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50 Cents, a Euphemistic Eggplant, and the Right of Publicity


Celebrities generally don’t like when companies use their images or names without permission. For example, Jennifer Love Hewitt didn’t love when a company used her image to promote a vitamin spray, and Michael Jordan seemed pretty upset when a grocery store used his name to promote a steak. Now, 50 Cent seems downright angry that his picture is allegedly being used by a plastic surgeon to promote “male sexual enhancement procedures.”

According to a complaint filed in Florida federal court, 50 Cent posed for a photo with a fan in 2020. That fan happened to be a plastic surgeon, who later used the photo to promote her practice on social media without 50 Cent’s permission. This year, the plastic surgeon was interviewed for an article that focused on “male sexual enhancement procedures” and the fan photo appeared in the article, next to an “image of a faceless male obtaining a penile enhancement procedure, with a euphemistic eggplant emoji covering his exposed groin area.” The plastic surgeon later shared the article on her social media accounts.

50 Cent argues that the plastic surgeon is falsely implying that she performed enhancement procedures on him and that her unauthorized use of his image for a commercial purpose violates his right of publicity. In her motion to dismiss, the plastic surgeon argues that she had consent to use the photo, that her use of the photo doesn’t imply that 50 Cent underwent a male enhancement procedure, and that her use wasn’t for a commercial purpose. At first glance, those arguments seems like a stretch to us, but when your business involves stretching things, that may come with the territory.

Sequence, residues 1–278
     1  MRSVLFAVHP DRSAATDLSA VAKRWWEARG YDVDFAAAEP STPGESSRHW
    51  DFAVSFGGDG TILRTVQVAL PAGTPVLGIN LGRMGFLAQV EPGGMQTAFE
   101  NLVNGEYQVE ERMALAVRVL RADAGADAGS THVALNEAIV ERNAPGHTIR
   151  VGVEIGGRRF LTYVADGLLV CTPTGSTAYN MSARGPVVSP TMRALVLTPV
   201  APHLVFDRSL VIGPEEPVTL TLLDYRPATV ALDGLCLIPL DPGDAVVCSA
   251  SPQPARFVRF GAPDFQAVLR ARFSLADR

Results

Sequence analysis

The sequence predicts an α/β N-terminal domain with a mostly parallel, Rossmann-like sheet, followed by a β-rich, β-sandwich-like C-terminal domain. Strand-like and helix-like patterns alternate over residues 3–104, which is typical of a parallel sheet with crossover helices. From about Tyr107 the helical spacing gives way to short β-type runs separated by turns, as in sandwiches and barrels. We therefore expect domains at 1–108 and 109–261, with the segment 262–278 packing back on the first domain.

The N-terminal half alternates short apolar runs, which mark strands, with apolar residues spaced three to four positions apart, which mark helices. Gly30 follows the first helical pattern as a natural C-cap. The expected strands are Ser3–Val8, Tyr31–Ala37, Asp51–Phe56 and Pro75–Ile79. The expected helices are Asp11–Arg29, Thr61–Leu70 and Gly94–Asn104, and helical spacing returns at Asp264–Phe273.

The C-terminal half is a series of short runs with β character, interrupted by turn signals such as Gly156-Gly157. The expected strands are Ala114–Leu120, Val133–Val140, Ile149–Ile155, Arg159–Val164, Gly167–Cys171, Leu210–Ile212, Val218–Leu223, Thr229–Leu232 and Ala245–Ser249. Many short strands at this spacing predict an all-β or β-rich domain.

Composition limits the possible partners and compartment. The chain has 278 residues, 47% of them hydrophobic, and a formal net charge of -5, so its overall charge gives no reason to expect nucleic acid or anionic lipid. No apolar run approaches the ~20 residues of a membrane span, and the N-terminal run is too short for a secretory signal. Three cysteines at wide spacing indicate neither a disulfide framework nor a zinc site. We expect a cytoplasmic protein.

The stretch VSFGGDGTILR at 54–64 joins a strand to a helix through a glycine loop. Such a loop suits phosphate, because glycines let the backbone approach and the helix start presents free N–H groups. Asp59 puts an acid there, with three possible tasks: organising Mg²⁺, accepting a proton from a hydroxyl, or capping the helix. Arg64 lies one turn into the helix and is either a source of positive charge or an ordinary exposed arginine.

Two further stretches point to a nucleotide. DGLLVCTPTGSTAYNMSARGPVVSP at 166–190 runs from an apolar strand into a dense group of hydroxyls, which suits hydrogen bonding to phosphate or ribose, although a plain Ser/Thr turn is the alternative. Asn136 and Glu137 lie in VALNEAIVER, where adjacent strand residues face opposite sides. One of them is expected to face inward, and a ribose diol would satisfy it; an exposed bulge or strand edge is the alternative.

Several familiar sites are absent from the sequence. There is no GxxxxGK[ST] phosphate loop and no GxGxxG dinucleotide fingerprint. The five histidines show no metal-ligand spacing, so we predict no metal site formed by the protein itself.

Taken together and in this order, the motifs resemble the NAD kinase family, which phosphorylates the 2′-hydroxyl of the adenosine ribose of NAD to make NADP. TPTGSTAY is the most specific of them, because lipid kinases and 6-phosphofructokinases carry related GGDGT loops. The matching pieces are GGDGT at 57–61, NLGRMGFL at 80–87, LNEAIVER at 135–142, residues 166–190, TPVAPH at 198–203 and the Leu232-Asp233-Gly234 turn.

Although this fact pattern is definitely unusual, we frequently get questions from clients about whether they can use images of celebrities in social media posts. Keep in mind that while individuals and media outlets can often do that without any consequence, the analysis is different when the posts may serve to promote a commercial purpose. Celebrities can get paid a lot of money to endorse a company. If you don’t pay to use a celebrity’s image in the form of an endorsement fee, you may end up paying a lot more in the form of legal fees.

This case is in its early stages and there are still a lot of unanswered questions. Will the court believe that 50 Cent authorized the plastic surgeon to use his image? Will the court buy the plastic surgeon’s arguments that her use of the image was not for a commercial purpose and that it was simply for an “entertainment” purpose? Will our narrator blush when she reads this post for our Ad Law Access Podcast? Only time will tell.


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